The tsunami and Burma

It’s becoming clear that we won’t know the full scale of the disaster caused by the recent earthquake and tsunami in the Indian Ocean for weeks to come. Death tolls from countries affected has now exceeded 76,000 and is expected to increase beyond 100,000. The numbers could go much higher if governments aren’t able to control waterborne diseases like cholera that are likely to break out in areas devestated by the disasters.

And then there are countries like Burma, where we may never know the consequences of the tsunami. The military government of Burma – or Myanmar, as they prefer – has said very little about the impact of the earthquake and tsunamis on their nation. I wrote a piece for WorldChanging yesterday, which included the following:

There’s two possible explanations for this story. One is that Myanmar, with 1930 kilometers of coastline, numerous fishing villages and huts on stilts along the coast, and a common border with Thailand – where over 1500 are reported dead – miraculously escaped the effect of the tsunami.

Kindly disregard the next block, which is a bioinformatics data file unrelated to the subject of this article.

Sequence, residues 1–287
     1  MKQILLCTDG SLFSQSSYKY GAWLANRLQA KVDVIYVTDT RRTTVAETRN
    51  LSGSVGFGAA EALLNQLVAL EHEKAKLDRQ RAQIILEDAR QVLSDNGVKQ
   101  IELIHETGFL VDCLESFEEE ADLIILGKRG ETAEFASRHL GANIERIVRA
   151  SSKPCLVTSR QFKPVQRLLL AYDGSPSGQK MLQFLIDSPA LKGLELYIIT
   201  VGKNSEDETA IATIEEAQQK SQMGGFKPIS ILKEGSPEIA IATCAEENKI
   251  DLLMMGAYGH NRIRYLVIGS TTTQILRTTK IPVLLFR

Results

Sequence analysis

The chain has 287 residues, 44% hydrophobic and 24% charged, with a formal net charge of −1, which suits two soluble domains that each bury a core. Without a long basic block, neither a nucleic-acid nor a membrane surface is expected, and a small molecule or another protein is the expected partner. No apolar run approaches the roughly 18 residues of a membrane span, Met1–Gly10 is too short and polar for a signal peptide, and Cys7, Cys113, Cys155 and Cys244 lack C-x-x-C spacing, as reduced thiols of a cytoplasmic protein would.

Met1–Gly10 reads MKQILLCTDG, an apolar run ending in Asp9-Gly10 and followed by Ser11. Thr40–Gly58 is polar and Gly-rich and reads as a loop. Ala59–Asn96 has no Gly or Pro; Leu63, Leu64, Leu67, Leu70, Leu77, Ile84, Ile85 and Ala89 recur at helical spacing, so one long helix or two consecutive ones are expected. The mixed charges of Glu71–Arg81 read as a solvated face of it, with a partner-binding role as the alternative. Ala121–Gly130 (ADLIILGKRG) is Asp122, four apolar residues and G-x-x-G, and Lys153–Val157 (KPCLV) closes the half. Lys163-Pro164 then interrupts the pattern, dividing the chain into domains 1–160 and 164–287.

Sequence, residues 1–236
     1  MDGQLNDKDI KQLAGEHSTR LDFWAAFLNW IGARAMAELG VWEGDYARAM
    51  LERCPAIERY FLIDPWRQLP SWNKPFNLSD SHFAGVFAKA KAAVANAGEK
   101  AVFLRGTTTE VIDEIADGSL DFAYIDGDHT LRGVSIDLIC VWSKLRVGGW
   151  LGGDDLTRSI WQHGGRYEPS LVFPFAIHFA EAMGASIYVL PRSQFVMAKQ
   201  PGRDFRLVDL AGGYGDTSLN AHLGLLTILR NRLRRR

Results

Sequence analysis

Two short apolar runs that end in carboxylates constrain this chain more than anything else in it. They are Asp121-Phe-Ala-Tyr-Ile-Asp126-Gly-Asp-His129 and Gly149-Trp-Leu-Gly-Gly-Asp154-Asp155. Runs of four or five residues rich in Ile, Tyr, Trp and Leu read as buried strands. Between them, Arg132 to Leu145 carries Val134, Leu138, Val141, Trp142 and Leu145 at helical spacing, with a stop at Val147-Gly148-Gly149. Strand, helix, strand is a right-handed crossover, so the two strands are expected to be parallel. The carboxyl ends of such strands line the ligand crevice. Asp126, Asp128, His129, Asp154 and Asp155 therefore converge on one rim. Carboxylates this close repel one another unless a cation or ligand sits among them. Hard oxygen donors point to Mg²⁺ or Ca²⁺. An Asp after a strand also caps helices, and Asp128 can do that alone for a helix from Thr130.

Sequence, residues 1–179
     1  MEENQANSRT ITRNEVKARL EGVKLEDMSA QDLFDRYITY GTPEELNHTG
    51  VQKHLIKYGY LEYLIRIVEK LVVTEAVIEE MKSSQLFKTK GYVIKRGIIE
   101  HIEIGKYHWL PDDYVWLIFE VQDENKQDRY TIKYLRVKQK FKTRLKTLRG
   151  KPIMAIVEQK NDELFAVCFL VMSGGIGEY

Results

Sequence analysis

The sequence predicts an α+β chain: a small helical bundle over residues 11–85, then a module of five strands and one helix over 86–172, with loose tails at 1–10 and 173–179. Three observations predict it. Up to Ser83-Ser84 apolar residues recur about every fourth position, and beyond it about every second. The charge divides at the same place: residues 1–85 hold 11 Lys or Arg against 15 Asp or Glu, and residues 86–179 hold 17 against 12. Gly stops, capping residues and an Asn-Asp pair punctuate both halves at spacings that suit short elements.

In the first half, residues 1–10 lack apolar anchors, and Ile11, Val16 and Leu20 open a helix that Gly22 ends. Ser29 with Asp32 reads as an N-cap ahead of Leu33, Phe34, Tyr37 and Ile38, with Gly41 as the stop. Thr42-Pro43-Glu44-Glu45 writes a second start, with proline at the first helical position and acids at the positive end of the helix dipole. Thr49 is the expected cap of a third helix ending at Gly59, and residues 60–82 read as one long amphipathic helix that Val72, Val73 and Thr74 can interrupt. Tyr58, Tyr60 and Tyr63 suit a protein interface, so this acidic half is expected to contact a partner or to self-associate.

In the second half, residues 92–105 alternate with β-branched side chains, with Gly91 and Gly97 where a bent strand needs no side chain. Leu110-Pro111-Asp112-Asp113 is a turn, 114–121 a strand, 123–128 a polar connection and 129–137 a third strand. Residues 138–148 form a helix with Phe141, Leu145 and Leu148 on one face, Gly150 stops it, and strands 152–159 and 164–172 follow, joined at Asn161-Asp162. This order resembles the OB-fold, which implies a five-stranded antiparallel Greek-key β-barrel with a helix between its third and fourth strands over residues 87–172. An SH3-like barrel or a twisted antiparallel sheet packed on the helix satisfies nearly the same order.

The other explanation is that Myanmar’s famously secretive military government hasn’t wanted to reveal the extent of the tsunami damage to the outside world… and especially to their own citizens. (As in many represive regimes, it’s easier to to get news from outside the country than news from within it.)

In trying to follow this story, I’m reminded of some of the challenges Rebecca faced in trying to cover the Ryongchon explosion in North Korea for NKZone. Was it an explosion? A natural disaster? An assasination attempt? Due to the closed nature of North Korean society, we may never know. As for the extent of the tragedy in Burma, we may learn more over the next few days or weeks as citizens within the country communicate with family and friends across the Thai border.

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